And this flattery just about saves the day – Joshua and Caleb are saved with their descendents, and the youngsters are spared, they are the future, and they will inherit the land after the wanderings are over. But we can still call this whole episode a tragedy because the generation that left Egypt are condemned to schlep around the wilderness until they are die off with their destination never reached. It’s only the next generation who are allowed to complete the journey and eventually to inherit the land.
Neither God nor Moses are the slightest bit interested in democracy. Giving the people a voice, a vote in their future – well, we had to wait another 2000 years before Jews got on board with that project. Of course we probably wouldn’t have it any other way now – but it’s a sobering thought that the Hebrew Bible, our sacred scriptures, are so deeply anti-democratic in their underlying ethos. Of course they are profoundly interested in questions of justice and how a society should be organized well for the benefit of the oppressed and the marginalized, the strangers, the widows, the orphans, the disadvantaged. Loving your neighbour and acting with compassion and care is at the heart of the Jewish ethical vision – but it’s not a democratic vision, it’s a religious vision run more like a benign dictatorship, with God as the ultimate authority and various groups mediating God’s wishes for His people. As Tim Farron realised this week, another small scale personal tragedy, a religious vision does not necessarily sit comfortably with an egalitarian, democratic vision. I don’t think they have to conflict but it is salutary to be reminded that in the Judaeo-Christian tradition they might well do.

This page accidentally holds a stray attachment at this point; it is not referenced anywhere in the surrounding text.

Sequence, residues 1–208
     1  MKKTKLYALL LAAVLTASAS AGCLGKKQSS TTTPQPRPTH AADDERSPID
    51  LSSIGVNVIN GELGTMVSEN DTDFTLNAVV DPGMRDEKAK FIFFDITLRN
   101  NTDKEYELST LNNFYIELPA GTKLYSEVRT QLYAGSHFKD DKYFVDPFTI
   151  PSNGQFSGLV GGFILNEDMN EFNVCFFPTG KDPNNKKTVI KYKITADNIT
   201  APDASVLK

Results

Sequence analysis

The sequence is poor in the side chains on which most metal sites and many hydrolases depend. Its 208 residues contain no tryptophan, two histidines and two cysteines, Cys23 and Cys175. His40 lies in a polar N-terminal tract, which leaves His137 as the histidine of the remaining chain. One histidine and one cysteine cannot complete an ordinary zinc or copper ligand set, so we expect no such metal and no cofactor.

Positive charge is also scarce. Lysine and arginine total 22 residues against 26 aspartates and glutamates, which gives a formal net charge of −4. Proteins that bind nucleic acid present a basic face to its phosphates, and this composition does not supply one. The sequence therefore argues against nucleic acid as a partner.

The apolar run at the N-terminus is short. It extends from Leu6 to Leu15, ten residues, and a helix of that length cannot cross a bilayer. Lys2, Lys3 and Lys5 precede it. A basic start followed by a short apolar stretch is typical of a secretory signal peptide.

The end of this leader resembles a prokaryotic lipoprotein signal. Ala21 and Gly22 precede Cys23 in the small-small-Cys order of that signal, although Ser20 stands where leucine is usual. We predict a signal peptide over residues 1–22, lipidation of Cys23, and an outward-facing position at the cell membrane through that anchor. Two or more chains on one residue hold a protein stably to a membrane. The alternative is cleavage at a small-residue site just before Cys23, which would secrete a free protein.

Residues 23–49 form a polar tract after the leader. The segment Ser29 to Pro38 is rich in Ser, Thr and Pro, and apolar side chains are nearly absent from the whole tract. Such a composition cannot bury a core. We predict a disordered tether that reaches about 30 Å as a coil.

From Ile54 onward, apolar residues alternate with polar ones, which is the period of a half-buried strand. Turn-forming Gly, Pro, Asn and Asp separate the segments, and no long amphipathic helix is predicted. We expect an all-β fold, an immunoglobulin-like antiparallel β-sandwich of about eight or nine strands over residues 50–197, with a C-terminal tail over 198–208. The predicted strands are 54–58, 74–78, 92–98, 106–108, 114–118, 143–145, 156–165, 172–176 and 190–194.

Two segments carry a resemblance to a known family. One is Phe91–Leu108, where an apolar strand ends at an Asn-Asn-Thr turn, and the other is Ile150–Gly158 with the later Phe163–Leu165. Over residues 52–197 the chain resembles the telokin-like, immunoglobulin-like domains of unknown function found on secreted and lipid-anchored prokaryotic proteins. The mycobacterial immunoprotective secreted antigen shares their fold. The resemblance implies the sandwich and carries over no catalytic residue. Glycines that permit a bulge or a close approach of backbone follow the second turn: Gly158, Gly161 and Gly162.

The issues are all there in the scriptures and I want to share with you now a new scripture that has just been revealed. And I want to share it because I think you’ll enjoy it, in these fraught and chaotic times. We know the author of this scripture, he’s a Brit who writes for the New Yorker, Anthony Lane is his name, and he has uncovered a new text for our edification and enlightenment and entertainment and its name is The Book of Jeremy Corbyn, and this is what it tells.
The Book of Corbyn
And it came to pass, in the land of Britain, that the High Priestess went unto the people and said, Behold, I bring ye tidings of great joy. For on the eighth day of the sixth month there shall be a general election.
And the people said, Not another one. And they waxed wroth against the High Priestess and said, Didst thou not sware, even unto seven times, that thou wouldst not call a snap election?
And the High Priestess said, I know, I know. But Brexit is come upon us, and I must go into battle against the tribes of France, Germany, and sundry other holiday destinations. And I must put on the armour of a strong majority in the people’s house. Therefore go ye out and vote.
And there came from the temple pollsters, who said, Surely this woman shall flourish. For her enemy is as grass; she cutteth him down. He is as straw in the wind, and he will blow away. And the trumpet of her triumph shall sound in the land.
And the High Priestess said, Piece of cake.
And there came from the same country a prophet, whose name was Jeremy. His beard was as the pelt of beasts, and his raiments were not of the finest. And he cried aloud in the wilderness and said, Behold, I bring you hope.
And suddenly there was with him a host of young people. And he said unto them, Ye shall study and grow wise in all things, and I shall not ask ye for gold. And the sick shall be made well, and they also will heal freely. And he promised them all manner of goodly things.
And the young people said unto him, How shall these things be rendered, seeing that thou hast no money in thy purse?
And he spake unto them in a voice of sounding brass and said, Soak the rich. And again, Pull down the mighty from their seats.
And the young people went absolutely nuts.
And they hearkened unto the word of Jeremy, and believed. For they said unto themselves, Lo, he bringeth unto us the desire of our hearts. He cometh by bicycle, with a helmet upon his head. And he eateth neither flesh nor fowl, according to the Scriptures. for man cannot live by bread alone, but hummus is quite another matter.